“We’ve ‘transitioned into a time of transitions,’ Seeley Brown argues – and the only way we can adjust ourselves to the present-day speed of change is to become as adept at play as a baby, dropped into a world about which she knows nothing.”
Isn’t time always transitioning? Aren’t systems always changing? How do we measure the rate of “transitioning” to 1.) know that transitions are occurring faster and more frequently, and 2.) that play is the best way for adults (rather than just babies, children, etc.) to learn, adapt, transition?
“And play constitutes pushback against the boundaries of a system established by rules. Man-made systems – the tax system, the school system, society as a whole – can be oppressive. In a world increasingly dominated by such systems, play could become a crucial even subversive act.”
How do the working poor “play” their way to a livable wage? In what ways is play preferable as a way for reacting to oppression than protest? Are there any examples, recent or otherwise, of people enacting large scale social, political, or economic change through play? What makes the present any more amenable to this mode of activism than past periods?
“The neurologist Simon Baron-Cohen argues that there are two kinds of brains: one hardwired for empathy and one hardwired for building and understanding systems.”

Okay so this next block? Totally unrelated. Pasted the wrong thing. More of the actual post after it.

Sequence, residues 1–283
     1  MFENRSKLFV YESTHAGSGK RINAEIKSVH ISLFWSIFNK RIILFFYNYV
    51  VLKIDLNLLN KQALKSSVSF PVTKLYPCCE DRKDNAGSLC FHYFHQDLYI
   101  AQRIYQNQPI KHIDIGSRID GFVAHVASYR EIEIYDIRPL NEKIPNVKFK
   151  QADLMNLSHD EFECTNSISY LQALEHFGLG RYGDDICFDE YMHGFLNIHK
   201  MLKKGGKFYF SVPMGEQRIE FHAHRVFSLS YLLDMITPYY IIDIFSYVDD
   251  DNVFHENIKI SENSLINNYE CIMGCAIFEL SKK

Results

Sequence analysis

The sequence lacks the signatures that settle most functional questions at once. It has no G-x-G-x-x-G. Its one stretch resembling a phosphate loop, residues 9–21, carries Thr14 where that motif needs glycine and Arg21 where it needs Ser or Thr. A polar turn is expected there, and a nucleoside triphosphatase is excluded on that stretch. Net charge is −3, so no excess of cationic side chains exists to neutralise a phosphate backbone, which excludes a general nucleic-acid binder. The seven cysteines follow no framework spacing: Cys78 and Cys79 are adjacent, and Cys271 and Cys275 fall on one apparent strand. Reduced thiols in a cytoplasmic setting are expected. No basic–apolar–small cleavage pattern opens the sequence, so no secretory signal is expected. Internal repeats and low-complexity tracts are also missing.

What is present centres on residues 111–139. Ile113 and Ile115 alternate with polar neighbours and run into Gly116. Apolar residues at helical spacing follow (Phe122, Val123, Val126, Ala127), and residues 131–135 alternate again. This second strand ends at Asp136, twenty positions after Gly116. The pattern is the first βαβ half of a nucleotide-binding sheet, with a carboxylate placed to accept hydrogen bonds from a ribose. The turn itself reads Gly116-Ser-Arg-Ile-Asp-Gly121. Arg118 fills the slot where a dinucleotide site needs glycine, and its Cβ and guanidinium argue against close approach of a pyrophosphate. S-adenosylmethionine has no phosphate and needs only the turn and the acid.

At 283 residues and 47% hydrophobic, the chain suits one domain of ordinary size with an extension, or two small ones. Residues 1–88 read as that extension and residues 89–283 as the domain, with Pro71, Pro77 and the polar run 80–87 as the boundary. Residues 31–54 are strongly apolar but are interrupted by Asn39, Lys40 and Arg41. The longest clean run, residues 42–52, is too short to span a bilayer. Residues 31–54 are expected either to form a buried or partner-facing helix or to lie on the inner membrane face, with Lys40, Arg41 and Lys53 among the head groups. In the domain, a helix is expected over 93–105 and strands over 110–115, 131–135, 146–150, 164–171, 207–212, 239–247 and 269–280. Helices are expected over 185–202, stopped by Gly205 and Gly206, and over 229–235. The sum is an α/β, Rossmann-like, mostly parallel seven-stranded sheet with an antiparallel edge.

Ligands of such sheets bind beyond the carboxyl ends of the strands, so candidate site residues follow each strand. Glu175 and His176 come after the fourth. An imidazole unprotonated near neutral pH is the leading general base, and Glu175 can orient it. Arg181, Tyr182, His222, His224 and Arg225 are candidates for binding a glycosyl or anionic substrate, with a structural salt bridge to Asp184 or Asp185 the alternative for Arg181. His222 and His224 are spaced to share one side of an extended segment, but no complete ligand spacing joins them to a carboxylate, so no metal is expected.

Really? Only two?
“Are we moving into a future in which plenty of people are logical, good at recognizing patterns, and analyzing the way things work, but in which fewer and fewer of us are able to empathize?”
If our brains are hardwired to be one or the other, shouldn’t we expect relative parity between the two populations? And if the “Ludic Century” is coming, how can the outcome be avoided or altered anyway?
“Another risk is that we might fail to see the commercial videogame industry for what it really is.Call of Duty and Medal of Honor may promote systems thinking – but these games also promote a militarized worldview, and could serve as advertisement for a particular kind of American foreign policy.”
Do they promote a militarized view? Is there research demonstrating that? If that is the case, and these games happen to be some of the best selling and most popular, how can these views be confronted?
- What are games?
- What is play?
- Are these two things different than they were in the past?
- Do people play more games now than before? Which people? And why?
- What are systems? What are their essential parts? Their boundaries?
- Are systems today different from the systems of the past?
- Are people better at dealing with systems now than before? How do we know?
- Is the future, whether it’s ludic or not, inevitable? Should we seek to control it or only adapt to it?
- What makes now different from before?
- How important are cultural forces when compared with political economic ones?
- Will the U.S. go to war next time because of a new generation of young men raise don Call of Duty, or for the reasons it has often gone to war in the past?
- How does playing a game allow you to change the game? The systems from which the game resulted? The world in which the systems exist?